None of this is too damning; Copenhagen have been magnificent, especially in this season, and they have a far larger budget than the rest of the league, so finishing behind them is to be expected.

As far as signing local players goes, it is certainly admirable, and every club in the world signs players who don’t work out. It is also a common tendency for sports directors in clubs in smaller footballing nations to sign players who on paper are impressive signings (like van der Vaart), but who are only available because they’re very much past their best.

But the promise of Midtjylland’s system is they would be insulated from such shortcomings, finding players who actually perform, from all over Europe, not just well-performing players from smaller clubs in nearby leagues or fringe players from bigger clubs.

And in light of all of this, I continue to be amazed at why media outside Denmark care. Midtjylland talk a big talk, but they’re a football club with the same problems as any other club in their position, and they certainly haven’t found the holy grail with their analytical approach.

Ras Kass & RZA – the End

My metaphors are meta-fives.

Change

Change, shit
I guess change is good for any of us

– Tupac Shakur

Yesterday, I returned from NIPS 2016. It’s the world’s preeminent machine learning conference.

What was I doing there? To be fair, it was probably not the conference I would have picked, but it was a very interesting conference to attend (the first of its kind I’ve ever been to, to boot). The reason I was there was because on 1 November I started a new job, working for Danish startup Sportcaster. This also means that after almost four years, I have left PDC, where I started working when Ovivo was acquired. (I realise I’ve been horrible at updating the blog with this information, but better late than never, I suppose.)

Working for PDC has been a great experience. I’ve felt welcome in all my years there, even though I got into the company by untraditional means, and even though – as I have joked many times over the years – I would never have been able to land a job there by sending a regular application. (The company values educational credentials very highly, so my B.A. in English and Communication & Rhetoric is basically useless as an engineer.) I would encourage anyone wanting to work with Microsoft technologies or, especially, Prolog in Copenhagen to take a look PDC’s way, it’s a great place to work.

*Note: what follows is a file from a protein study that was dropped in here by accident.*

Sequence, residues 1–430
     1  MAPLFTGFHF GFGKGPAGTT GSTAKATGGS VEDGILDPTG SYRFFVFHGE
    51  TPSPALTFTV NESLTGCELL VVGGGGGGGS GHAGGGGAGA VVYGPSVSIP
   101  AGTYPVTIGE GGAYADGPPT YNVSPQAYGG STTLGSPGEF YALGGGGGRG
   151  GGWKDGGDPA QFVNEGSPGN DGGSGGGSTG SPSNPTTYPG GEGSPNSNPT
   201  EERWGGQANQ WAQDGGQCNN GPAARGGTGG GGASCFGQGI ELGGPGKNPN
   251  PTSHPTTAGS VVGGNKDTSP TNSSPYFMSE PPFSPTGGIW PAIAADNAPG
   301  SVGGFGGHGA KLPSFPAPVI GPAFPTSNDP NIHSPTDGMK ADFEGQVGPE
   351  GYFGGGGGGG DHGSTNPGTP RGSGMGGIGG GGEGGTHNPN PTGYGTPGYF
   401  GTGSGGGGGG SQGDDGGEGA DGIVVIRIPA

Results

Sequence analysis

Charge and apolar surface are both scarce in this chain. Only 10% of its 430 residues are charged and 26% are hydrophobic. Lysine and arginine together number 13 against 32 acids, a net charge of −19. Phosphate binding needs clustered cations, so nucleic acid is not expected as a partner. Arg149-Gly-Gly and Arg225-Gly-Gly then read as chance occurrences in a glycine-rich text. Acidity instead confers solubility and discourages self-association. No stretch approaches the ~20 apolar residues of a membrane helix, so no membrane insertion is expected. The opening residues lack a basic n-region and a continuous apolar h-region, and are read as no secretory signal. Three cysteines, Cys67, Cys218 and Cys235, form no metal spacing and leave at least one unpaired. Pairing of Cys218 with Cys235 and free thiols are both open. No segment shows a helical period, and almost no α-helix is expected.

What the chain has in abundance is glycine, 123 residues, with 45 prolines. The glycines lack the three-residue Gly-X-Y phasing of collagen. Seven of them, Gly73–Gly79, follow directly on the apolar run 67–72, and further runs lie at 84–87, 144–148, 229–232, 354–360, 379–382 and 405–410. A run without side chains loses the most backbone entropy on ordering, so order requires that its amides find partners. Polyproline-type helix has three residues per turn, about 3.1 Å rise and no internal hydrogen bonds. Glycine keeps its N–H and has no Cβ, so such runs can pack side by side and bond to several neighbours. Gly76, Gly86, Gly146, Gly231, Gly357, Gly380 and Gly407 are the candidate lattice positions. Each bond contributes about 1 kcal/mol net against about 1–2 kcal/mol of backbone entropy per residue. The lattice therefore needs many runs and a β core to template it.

For me, however, Sportcaster presented the complete package: The company’s goal is making a product aimed at filming grassroots association football, and I will be doing their web platform. This allows me to combine my interest (OK, let’s just call it ‘obsession’) with football as well as doing web development in Python. If someone had asked me what I wanted to do that would basically have been it.

My first month there has been excellent, and I look forward to spending a long time there, and I’ll try to make an effort updating this space with news of development.

Mediany

Tonight I’ve published Mediany, a small JavaScript library I’ve been working on. It’s released under the MIT License.

Mediany allows you to declare behaviour at different media query breakpoints. This allows you to e.g. have one thing happen when a button is clicked at one screen size, and something else (or something additional) happen when it is clicked at another screen size.

I built this to scratch my own itch. With responsive web design, it has become customary to transform the design based on the screen size of the user’s viewport – rearrange elements into columns, show things that were previously hidden, etc. (Media queries have a great many additional things to check for, but checking screen size – and width in particular – is the most common use case.)

As one transforms the design to fit larger sizes, I found that I also need to modify the behaviour. Clicking a button might require some set of changes at a small size, and something else entirely at a larger screen size. Mediany helps this process by declaring behaviour at specific media queries.